Several abnormal branches between the median and musculocutaneous nerves have been well described by many authors. Kerr found that a branch from the musculocutaneous nerve to the median had been reported in 8.1% to 36.19% of different series and estimated its incidence as somewhat less then the 24% found in his series1. Le Minor described a case in which the lateral fasciculus first pierced the coracobrachialis muscle and then one of its terminal branches joined the medial root forming the median nerve6. Iwamoto et al. reported a communicating branch from the median nerve to the musculocutaneous7. Sargon et al. stated a variation of the median nerve which is formed by the union of three roots, two of them coming from the lateral cord8. Venieratos and Anagnostopoulou reported three types of communications between median and musculocutaneous nerves considering the coracobrachialis muscle as the reference point. In type one the communication was proximal to the entrance of the musculocutaneous nerve into coracobrachialis, in type two the communication was distal to the muscle and in type three the nerve and the communicating branch did not pierce the muscle9. Tsikaras et al. showed that the musculocutaneous nerve arised from median nerve unilaterally of a male cadaver10.
In our case, the lateral root of median nerve from the lateral cord was significantly normal and the abnormal communicating branch was significantly thick. It is not particularly uncommon to find out a nerve trunk of considerable size leaving the musculocutaneous and passing distally and medially to join the median nerve. This is a result of median nerve fibers from the lateral cord passing into the musculocutaneous rather than into the lateral root of the median and then rejoining the median nerve at a lower level. When this occurs, the lateral root of the median nerve is typically abnormally small.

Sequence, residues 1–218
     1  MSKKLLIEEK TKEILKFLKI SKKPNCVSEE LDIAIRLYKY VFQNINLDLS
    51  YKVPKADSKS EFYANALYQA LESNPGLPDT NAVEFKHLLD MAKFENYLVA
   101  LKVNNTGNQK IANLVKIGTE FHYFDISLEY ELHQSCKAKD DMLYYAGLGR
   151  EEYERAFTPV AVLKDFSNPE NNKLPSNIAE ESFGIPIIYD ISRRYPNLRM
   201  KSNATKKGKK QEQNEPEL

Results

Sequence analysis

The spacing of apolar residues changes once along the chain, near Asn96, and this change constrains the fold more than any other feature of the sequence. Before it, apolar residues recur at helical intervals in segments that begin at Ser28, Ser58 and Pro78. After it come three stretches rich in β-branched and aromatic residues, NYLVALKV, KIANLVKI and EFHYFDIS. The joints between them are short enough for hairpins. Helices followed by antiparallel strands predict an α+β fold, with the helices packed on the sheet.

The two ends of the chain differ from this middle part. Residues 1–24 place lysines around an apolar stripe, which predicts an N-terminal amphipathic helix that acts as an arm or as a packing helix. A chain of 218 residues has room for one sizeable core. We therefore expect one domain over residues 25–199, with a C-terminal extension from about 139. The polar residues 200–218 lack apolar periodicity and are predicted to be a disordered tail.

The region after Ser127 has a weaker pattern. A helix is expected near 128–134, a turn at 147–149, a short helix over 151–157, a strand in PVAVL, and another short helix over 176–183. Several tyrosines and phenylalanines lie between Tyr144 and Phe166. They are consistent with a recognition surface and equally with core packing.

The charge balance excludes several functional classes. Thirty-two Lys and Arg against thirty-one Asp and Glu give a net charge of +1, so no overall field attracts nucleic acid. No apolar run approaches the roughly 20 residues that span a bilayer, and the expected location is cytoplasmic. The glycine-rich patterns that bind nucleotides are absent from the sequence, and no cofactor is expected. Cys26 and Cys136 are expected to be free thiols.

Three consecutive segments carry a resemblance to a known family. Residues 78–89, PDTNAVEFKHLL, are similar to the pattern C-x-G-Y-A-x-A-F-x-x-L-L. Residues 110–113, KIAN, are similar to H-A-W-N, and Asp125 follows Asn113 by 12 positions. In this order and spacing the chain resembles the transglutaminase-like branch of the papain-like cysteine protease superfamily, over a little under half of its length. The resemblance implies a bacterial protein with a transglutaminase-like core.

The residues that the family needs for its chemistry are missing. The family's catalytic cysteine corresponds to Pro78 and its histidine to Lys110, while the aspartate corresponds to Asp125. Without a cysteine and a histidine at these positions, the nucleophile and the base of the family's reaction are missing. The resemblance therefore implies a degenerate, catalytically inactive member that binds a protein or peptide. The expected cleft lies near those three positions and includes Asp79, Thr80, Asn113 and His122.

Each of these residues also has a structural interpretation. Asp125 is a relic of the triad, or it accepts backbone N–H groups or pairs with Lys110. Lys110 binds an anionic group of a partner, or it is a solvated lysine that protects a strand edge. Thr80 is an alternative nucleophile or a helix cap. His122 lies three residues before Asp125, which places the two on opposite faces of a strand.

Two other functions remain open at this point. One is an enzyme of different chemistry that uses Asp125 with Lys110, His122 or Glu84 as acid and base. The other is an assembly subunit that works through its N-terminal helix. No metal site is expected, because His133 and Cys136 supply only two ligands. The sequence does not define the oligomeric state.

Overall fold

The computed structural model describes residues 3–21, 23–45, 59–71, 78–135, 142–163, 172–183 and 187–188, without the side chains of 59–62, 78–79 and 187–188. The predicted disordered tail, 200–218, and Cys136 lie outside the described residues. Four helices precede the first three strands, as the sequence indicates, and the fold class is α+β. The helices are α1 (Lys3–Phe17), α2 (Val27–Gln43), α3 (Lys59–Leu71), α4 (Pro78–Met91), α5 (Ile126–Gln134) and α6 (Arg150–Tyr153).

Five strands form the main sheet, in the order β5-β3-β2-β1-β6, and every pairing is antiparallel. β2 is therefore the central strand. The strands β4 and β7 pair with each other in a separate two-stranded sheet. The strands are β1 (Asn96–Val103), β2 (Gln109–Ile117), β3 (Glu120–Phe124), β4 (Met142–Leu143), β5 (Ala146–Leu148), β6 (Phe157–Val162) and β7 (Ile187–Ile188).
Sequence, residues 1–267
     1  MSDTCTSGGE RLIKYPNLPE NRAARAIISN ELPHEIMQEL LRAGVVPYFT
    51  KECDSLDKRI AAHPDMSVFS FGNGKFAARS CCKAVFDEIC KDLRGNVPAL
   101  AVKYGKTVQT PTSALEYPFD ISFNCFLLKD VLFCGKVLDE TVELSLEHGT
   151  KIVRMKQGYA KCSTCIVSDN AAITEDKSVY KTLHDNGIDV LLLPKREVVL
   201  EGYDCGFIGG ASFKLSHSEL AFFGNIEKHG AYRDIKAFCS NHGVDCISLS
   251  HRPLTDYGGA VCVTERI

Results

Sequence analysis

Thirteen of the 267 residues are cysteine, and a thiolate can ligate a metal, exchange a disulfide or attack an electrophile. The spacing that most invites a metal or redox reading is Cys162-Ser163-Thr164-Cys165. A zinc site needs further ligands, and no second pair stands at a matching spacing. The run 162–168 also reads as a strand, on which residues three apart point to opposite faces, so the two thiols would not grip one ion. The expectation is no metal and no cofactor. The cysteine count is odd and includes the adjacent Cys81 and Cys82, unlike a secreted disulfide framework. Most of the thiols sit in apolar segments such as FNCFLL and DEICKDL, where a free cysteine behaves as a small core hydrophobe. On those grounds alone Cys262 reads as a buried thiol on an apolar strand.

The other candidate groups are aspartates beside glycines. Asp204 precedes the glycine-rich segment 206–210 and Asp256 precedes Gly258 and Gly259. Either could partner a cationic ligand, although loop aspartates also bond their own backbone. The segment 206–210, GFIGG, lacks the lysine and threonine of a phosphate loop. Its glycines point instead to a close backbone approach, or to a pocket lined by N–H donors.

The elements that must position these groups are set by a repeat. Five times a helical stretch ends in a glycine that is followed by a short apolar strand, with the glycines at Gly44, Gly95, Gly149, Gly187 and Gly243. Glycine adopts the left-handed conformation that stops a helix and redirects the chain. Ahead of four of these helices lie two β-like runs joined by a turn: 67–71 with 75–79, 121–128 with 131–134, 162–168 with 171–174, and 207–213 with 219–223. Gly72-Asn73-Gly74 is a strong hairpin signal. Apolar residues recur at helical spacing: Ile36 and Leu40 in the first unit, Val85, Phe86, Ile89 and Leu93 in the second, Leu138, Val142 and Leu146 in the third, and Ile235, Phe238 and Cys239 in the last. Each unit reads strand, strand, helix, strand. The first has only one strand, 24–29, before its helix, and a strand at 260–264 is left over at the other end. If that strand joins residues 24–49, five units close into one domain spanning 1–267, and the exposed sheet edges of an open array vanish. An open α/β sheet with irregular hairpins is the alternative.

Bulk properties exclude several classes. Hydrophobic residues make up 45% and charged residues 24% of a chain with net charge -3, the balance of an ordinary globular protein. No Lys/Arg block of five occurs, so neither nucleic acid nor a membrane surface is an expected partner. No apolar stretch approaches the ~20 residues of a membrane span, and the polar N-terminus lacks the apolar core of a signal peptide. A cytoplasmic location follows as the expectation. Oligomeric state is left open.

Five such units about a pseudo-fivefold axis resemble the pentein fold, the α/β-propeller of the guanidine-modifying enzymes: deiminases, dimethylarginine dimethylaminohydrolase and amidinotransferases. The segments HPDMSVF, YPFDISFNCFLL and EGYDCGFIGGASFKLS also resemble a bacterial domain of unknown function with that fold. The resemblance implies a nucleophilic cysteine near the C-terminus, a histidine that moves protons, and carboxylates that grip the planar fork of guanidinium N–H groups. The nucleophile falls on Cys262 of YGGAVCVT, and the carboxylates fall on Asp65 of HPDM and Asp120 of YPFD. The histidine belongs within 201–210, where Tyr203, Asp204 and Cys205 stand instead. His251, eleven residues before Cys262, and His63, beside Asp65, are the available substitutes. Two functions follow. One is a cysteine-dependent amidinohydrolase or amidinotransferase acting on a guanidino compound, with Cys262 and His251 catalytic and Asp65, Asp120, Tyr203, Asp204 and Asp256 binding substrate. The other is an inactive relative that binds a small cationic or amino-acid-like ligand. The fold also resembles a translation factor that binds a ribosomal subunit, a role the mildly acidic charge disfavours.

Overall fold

Such variations have also clinical importance especially in post-traumatic evaluations and exploratory interventions of the arm for peripheral nerve repair and to some extend during flap dissections. After a trauma to the arm, signs of median nerve injury could be observed in a patient with an intact median nerve if such a variation is present and the fibers coursing in the musculocutaneous nerve are damaged. Result of an exploratory intervention of the arm for peripheral nerve repair in a patient with these variations can be successful only if the surgeon is aware of such variations of peripheral nerves and specifically looks for their presence. Additionally, during flap dissections, unexpected nerve damages could arise especially by surgeons who are familiar with routine course of peripheral nerves and their relationship with neighboring structures but inexperienced in variations. Any injury to musculocutaneous nerve in a patient with this kind of variation presents as double nerve injury, which makes the diagnosis more problematic. Finally, although anterior approach for internal fixation of humeral fractures seems to be safer than the posterior approach because of high risk of radial nerve damage in posterior approach, again the surgeon should be familiar with the neurovascular variations in arm not to cause an iatrogenic damage to these structures during their retraction for exposure of fracture line.
In conclusion, such variations of peripheral nerves noticed in an autopsy or in cadaver dissections should be included into the surgical training programs even if it is not necessarily included in the routine anatomy education in medical schools.